Sessions: "Well, I think that my perspective is I've always, Ashley, been a part of supporting a team. And it's hard when you get political science and sound, medical science together. Political science is the politics. Medical science is that attribute that sometimes, while it can be sound, it takes a while. And the president wanted to make sure, on behalf of the American people, that we did not surrender our economy because we became struggling with this COVID virus. And I think the president became frustrated with it. [Dr.] Tony Fauci is a very dear friend of mine. Francis Collins, who's the chairman of the NIH [National Institutes of Health], I know very well. And these people have a process that's in the best interest of the American people, but it takes a long, long time and it's a long process. And I think the president became frustrated. And sometimes things that are seen by the president, he wants them quicker or more quickly accomplished than science was a part of. And if you're involved in science, if you're involved in research and development, it's worth doing right. And so, I would say the president, in my opinion, I wish he had not become necessarily as frustrated as he did, but actually worked through the sound science work with Dr. Fauci and given the American people a complete seamless understanding about where we are, what was next and why we needed to wear our masks, but also why this could not be, the virus should not be, bigger than we are."
Goudeau: Share final thoughts with our viewers about why you think they should cast their ballots for you this November.
Sessions: "Ashley, thank you very much. I'm very excited about running again and being in the fight for our country. I think that now more than ever, that the differences in our party have distinguished themselves, not just in Minneapolis and in Oregon and in Washington, but really in Chicago, as we speak. And that is that there are certain elements of the Democratic Party that have turned out that they would find that that's the right way to approach the future: to attack law enforcement, to attack the military, to defund our police, to tear down police stations. In fact, we need the rule of law. People who are men and women, children, we need law enforcement there. Criminal behavior and activity is not going away. And if you do not have that strong line of the blue defense of the police department backed up by mayors and city council, people with the consent of people, then we're in trouble. And I am very concerned that this defunding of the police, the defunding of the law enforcement and [in] particular federal law enforcement, which is the angle that a member of Congress would take. [It] would be very, very detrimental to our future of this country and the success.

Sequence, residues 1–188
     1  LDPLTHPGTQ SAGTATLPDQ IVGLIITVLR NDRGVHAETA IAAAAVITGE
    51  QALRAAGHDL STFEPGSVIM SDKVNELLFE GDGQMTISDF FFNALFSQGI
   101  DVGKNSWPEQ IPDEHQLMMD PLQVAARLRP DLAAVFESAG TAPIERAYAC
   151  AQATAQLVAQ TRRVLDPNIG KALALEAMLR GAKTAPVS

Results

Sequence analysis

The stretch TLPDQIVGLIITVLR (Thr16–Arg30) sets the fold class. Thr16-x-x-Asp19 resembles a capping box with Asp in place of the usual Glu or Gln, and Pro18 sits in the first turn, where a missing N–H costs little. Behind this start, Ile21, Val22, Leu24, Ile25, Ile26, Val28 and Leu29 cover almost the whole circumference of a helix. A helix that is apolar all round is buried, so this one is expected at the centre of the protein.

And so, I would like to ask for people to vote for me because I am a conservative Republican that reaches for results and that is a better economy that takes our roads and bridges and makes sure they are properly funded. But also, I have a 100% lifetime record with the Texas Farm Bureau to make sure that our communities that are rural, our farmers and ranchers and food security is effectively important and grow our economy. And I'd like to ask for their vote and anybody that's within our voice should be. We'd like to ask them to be a part of the Republican Party that would make this state sound and better and prepare a future better for our children and grandchildren. Thank you."
Earlier this month, Sessions' opponent, Rick Kennedy, spoke with Goudeau about his campaign.
Texans have until Oct. 5 to register to vote. Early voting is set to run from Oct. 13 through Oct. 30. Election Day is Nov. 3.